“When Elvis (aka The King) died in 1977, John Lennon was smugly heard to observe that he’d already been been dead for almost twenty years — ever since he joined the army back in 1958. But I give him another ten years, to 1968 and the big deal comeback TV special on NBC. Martin Luther King and Bobby Kennedy had just been shot, the Vietnam war had officially gone to hell, the Beatles hadn’t played live for years. But Elvis wasn’t worried. He had a secret weapon for the show’s finale, a brand new song written by a guy named Earl Brown called If I Can Dream. ‘I’m never going to sing another song I don’t believe in,’ said Elvis when he first heard it, ‘I’m never going to make another movie I don’t believe in.’ And yeah, Elvis did deliver on NBC, a performance that reached deep through the strange vacuum of the cathode ray tube and touched the hopeful soul of all humanity, maybe even saved the world. But then he proceeded to eat doughnuts, sing awful songs, make worse movies, and finally died nine years later, alone, sitting on a toilet. Poor guy. The King of Need, the Residents called him.” (Philip Random)
“David Bowie at his rawest, glammest, most rockingest. The time I him do Cracked Actor live, he sang it to a skull, a cracked actor indeed. Or was he an alien? Aladdin Sane being the last of Ziggy albums that wasn’t all cover tunes. Either way, it was a harder rock than pretty much anyone was delivering at the time, except maybe Iggy and Stooges at the … and almost nobody knew they even existed.” (Philip Random)
Warren Zevon’s Excitable Boy got a fair bit of notice at the time, but we only ever heard a few tracks on the radio, and none of them was Lawyers Guns + Money, which is just a good old-fashioned smart, sly, cynical as f*** rocker about a rich kid off in some foreign locale, into something way over his head. Not unlike America itself at that particular moment in time, what with a recently lost war and all manner of other horrific sh** unfurling.
“How dumb was America in 1974 (and Canada for that matter)? This Town Ain’t Big Enough For The Both Of Us, one of the fiercest, funniest, pop smart eruptions to ever get pressed to vinyl, didn’t make the singles charts, didn’t even crack the Top 100. In fact, no Sparks single ever charted in the entire decade of 1970s, their best. Thank God for friends and friend’s big sisters being somehow cool enough to find out about them anyway, and share the f***ing glory.” (Philip Random)
The Final Countdown* is Randophonic’s longest, most random and (if we’re doing it right) relevant countdown yet – the end of result of a long and convoluted process that finally evolved into something halfway tangible in early 2018. The 1297 Greatest Records of All Time right now right here, if that makes sense. And even if it doesn’t, we’re doing it anyway for as long as it takes, and it will take a while.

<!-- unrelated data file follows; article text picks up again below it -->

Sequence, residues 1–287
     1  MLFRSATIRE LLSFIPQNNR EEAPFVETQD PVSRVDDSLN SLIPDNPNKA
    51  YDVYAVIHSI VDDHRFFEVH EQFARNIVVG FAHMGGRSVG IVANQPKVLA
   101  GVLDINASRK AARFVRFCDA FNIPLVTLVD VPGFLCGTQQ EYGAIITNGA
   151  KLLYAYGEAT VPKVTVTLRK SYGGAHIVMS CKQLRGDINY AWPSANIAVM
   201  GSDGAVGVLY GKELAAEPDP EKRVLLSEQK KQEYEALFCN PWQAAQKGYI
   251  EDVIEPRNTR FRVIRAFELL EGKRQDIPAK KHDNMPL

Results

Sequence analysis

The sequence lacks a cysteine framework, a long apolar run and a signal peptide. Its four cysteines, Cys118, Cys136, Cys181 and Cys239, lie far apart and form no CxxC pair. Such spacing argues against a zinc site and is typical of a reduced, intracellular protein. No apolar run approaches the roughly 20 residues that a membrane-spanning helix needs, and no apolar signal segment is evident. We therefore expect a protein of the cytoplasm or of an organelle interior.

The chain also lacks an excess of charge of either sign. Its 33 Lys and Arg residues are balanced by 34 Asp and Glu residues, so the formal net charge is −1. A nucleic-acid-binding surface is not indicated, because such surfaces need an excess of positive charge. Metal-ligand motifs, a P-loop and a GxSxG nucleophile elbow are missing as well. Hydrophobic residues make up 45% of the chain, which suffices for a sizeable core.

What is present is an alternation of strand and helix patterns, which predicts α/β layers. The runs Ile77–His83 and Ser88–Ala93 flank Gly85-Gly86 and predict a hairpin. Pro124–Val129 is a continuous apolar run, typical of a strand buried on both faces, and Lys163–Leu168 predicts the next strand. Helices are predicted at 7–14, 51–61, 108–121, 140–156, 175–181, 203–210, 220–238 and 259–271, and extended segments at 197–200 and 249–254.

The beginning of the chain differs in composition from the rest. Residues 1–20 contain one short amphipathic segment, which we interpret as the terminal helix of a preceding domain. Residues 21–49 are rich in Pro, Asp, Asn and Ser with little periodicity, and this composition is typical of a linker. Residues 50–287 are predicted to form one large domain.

Installment #8 of The Final Countdown* went like this.
1150. DJ Me DJ You – because [DJ Swamp remix]
1149. Funkadelic – Vital Juices
1148. Rolling Stones – dance[s]
1147. Invaders of the Heart – voodoo-psyche
1146. America – a horse with no name
1145. Residents – hanky panky
1144. Eno-Moebius-Rodelius – tzima n’arki
1143. King Crimson – groon
1142. Marc Barreca – oleo strut
1141. Renaissance – trip to the fair
1140. Klaatu – prelude
1139. Tomita – snowflakes are dancing
1138. Tipsy – bunny kick (your mothers mix)
1137. Brian Eno – I’ll come running
1136. Guess Who – key
1135. Grateful Dead – Alligator etc
1134. Telesp – Scarab
1133. Ozark Mountain Daredevils – E E Lawson
Randophonic airs pretty much every Saturday night, starting 11 pm (Pacific time) c/o CiTR.FM.101.9, with streaming and/or download options usually available within twenty-four hours via our Facebook page.
The album’s called Dark Continent, and the song’s called Tse Tse Fly (both references to Africa) but Wall of Voodoo‘s first (and best) long player is really about America. The jangly guitars, cheap drum machines, scrapyard percussion bits and tips into noise. And the stories being told, equal parts noir and surreal. What could be more American?
“The Call stuck around for a good while, and always told the truth. But for me they’re forever 1983, saying what had to be said. Which is basically, hey America, remember those Romans who conquered the whole known world only to have their empire crumble under the weight of their corruption, hubris, decadence, stupid triumphalism? Looked in the mirror recently?” (Philip Random)
The Solid Time of Change will be Randophonic’s main focus for the forseeable future, an overlong yet incomplete history of the so-called Prog Rock era (presented in countdown form) – 661 records from 1965 through 1979 with which we hope to do justice to a strange and ambitious time, musically speaking.
Part nine of the journey went as follows:
Rick Wakeman – white rock
Rick Wakeman – lax’x
Love – alone again or
Love – the good humour man, he sees everything like this
Manfred Mann’s Earth Band – Pluto the Dog
Emerson Lake + Palmer – take a pebble 
America – sandman
Moody Blues – higher + higher
Moody Blues – house of (three) doors
Moody Blues – legend of a mind
Caravan – the dog the dog, he’s at it again
Caravan – the love in your eye [unpop edit]
Pink Floyd – fat old sun
Jon Anderson – ocean song
Jon Anderson – meeting [garden of Geda]
Jon Anderson – sound out the galleon
Jon Anderson – transic
Jon Anderson – naon
Daevid Allen – only make love if you want to
Van Morrison – almost independence day
Fresh episodes air pretty much every Saturday night, starting 11 pm (Pacific time) c/o CiTR.FM.101.9, with streaming and download options available within twenty-four hours via our Facebook page.